Assignment: Apply Statistical Tests

Assignment: Apply Statistical Tests
Assignment: Apply Statistical Tests
As a current or future health care administration leader, how will you decide which statistical test is most appropriate for the goal of monitoring, tracking, or overseeing operations in your health services organization?
Each statistical test is dependent on a given set of research parameters and expectations. As you have examined throughout this course, understanding why and when to use each statistical test is necessary in conducting the tests for process control and comparison. Thus, chi-square tests are useful for table data, ANOVA for a single quantitative dependent variable and categorical independent variables, and ANOM for analysis of mean differences. Regression modeling is useful for determining the influence of independent variables on a quantitative dependent variable.
For this Assignment, review the resources for this week regarding chi-square, ANOVA, ANOM, and regression. Pay particular attention to the examples shown in the textbook.
The Assignment: (4– pages)
Using SPSS and Microsoft Word, complete problems 1 through 10 on pages 367–370 in the Ross textbook. Show all work. Submit both your SPSS and Word files for grading.
Book to use
https://ereader.chegg.com/#/books/9781118603642/cfi/362!/4/[email protected]:0.00
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What is the purpose of a statistical test?
A test statistic is a number that describes how much the relationship between variables in your test differs from the null hypothesis of no association.
The p-value is then calculated (probability value).
If the null hypothesis of no link were true, the p-value estimates how probable it is that you would see the difference specified by the test statistic.
You can infer a statistically significant association between the predictor and outcome variables if the test statistic’s value is more extreme than the null hypothesis’s statistic.
If the test statistic’s value is less extreme than the null hypothesis’s, you can conclude that there is no statistically significant association between the predictor and outcome variables.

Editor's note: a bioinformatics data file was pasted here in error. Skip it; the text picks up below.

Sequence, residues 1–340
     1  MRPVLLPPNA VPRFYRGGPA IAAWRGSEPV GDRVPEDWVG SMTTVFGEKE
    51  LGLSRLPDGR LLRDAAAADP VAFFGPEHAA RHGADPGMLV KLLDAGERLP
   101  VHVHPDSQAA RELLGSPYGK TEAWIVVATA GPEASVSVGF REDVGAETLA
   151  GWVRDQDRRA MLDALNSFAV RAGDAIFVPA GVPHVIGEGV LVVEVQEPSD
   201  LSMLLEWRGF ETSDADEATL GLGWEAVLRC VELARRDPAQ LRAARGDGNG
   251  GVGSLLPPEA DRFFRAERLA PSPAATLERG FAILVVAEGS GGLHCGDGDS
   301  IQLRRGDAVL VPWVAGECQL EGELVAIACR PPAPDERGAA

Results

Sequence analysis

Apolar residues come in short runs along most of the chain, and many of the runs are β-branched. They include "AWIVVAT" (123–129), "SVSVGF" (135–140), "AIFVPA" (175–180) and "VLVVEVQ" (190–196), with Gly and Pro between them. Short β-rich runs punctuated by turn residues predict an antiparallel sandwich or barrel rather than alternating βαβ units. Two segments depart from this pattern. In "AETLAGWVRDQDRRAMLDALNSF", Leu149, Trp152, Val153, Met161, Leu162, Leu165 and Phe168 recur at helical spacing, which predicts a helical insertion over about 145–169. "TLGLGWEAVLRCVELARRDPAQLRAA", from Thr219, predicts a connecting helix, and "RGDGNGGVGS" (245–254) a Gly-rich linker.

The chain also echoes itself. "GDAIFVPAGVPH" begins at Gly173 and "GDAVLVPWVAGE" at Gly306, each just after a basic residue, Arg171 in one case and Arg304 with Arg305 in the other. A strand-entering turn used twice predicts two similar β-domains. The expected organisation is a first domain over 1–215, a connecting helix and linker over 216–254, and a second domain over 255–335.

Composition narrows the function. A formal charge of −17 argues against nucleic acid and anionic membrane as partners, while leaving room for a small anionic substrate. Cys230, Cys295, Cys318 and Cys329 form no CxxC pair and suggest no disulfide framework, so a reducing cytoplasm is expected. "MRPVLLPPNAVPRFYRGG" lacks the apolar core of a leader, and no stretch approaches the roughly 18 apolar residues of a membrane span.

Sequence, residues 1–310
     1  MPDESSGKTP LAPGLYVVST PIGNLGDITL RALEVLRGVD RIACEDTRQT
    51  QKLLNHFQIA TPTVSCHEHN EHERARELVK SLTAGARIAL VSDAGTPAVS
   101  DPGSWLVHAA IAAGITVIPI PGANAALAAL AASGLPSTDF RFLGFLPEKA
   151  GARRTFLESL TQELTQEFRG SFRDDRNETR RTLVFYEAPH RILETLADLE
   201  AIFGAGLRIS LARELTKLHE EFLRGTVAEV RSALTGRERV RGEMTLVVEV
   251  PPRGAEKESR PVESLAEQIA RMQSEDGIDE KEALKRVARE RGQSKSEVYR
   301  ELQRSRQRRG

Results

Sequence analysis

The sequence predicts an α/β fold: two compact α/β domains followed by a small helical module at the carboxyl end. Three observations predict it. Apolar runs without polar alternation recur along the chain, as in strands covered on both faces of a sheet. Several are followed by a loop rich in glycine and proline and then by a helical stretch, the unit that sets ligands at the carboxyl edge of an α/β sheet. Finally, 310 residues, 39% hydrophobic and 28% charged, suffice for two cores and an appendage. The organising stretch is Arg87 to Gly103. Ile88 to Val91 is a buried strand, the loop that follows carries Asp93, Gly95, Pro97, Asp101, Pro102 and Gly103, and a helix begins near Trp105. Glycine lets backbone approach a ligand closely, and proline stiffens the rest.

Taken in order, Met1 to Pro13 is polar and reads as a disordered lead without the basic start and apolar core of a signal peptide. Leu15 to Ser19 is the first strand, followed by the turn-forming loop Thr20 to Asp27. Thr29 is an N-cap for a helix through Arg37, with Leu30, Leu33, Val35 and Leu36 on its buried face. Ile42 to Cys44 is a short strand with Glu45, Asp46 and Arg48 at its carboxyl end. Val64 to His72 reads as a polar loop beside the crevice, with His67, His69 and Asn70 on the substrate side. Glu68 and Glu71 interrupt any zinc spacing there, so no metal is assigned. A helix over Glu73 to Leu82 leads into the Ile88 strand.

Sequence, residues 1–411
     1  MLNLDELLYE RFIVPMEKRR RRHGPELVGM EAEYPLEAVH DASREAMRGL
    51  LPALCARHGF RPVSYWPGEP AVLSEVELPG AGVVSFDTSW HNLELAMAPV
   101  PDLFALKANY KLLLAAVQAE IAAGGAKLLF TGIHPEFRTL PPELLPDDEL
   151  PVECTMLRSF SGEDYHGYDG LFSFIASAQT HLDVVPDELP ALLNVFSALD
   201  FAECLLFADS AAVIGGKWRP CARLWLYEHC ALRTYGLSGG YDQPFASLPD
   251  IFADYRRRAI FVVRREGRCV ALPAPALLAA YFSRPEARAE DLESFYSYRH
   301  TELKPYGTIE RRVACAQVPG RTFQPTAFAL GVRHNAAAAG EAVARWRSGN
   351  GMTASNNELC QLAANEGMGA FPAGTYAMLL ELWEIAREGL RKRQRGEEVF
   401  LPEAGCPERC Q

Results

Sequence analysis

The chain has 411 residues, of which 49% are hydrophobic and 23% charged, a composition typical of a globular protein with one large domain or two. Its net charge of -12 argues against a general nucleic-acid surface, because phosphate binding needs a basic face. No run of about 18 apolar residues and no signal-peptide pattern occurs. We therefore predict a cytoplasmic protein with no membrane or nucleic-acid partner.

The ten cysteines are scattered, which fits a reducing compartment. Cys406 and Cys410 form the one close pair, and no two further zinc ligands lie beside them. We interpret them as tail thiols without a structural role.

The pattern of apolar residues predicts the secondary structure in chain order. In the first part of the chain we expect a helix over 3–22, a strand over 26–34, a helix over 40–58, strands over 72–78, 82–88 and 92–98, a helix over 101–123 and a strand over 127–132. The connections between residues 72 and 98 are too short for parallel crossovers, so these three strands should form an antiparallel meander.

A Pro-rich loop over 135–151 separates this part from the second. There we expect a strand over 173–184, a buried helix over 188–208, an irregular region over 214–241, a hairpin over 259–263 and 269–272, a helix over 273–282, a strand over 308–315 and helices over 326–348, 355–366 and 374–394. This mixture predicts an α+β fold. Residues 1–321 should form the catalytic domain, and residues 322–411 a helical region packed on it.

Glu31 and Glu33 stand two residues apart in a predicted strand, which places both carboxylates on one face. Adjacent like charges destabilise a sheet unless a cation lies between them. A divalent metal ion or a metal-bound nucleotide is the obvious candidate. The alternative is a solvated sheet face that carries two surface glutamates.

When should you use a statistical test?
Statistical tests can be performed on data that has been obtained in a statistically valid manner, such as through an experiment or observations made using probability sampling methods.
Your sample size must be large enough to approximate the true distribution of the population being investigated for a statistical test to be valid.
To figure out the statistical test to use, you’ll need to know the following:
whether your data is consistent with particular assumptions
the several types of variables you’re dealing with
Statistical hypotheses
Statistical tests make a few assumptions about the data they’re looking at:
No autocorrelation (observation independence): The observations/variables you consider in your test are unrelated (for example, multiple measurements of a single test subject are not independent, while measurements of multiple different test subjects are independent).
Homogeneity of variance refers to the fact that the variance within each of the groups being compared is similar across all of them.
The test’s usefulness will be limited if one group has significantly greater variation than the others.
Data normality: the data has a normal distribution (a.k.a. a bell curve).
This assumption only applies to numerical data.
If your data do not meet the normality or homogeneity of variance assumptions, you may be able to use a nonparametric statistical test to make comparisons without making any assumptions about the data distribution.
If your data does not meet the assumption of observation independence, you might be able to perform a test that takes into consideration the structure of your data (repeated-measures tests or tests that include blocking variables).
Variables of various types
What type of statistical test you can employ is usually determined by the types of variables you have.
Quantitative variables are measurements of quantities (e.g. the number of trees in a forest).
The following are examples of quantitative variables:
Continuous variables (also known as ratio variables) represent measures that can be divided into smaller units than one (e.g. 0.75 grams).
Discrete variables (also known as integer variables) indicate counts that can’t be split into smaller units than one (e.g. 1 tree).
Categorical variables are a type of variable that represents groups of objects (e.g. the different tree species in a forest).
Categorical variables include the following:
Ordinal data is data that is represented in a specific order (e.g. rankings).
Nominal: used to express the names of groups (e.g. brands or species names).
Binary: a yes/no or 1/0 outcome is used to represent data (e.g. win or lose).
Select a test that is appropriate for the types of predictor and result variables you have gathered (if you are doing an experiment, these are the independent and dependent variables).
To see which test best suits your variables, look at the tables below.

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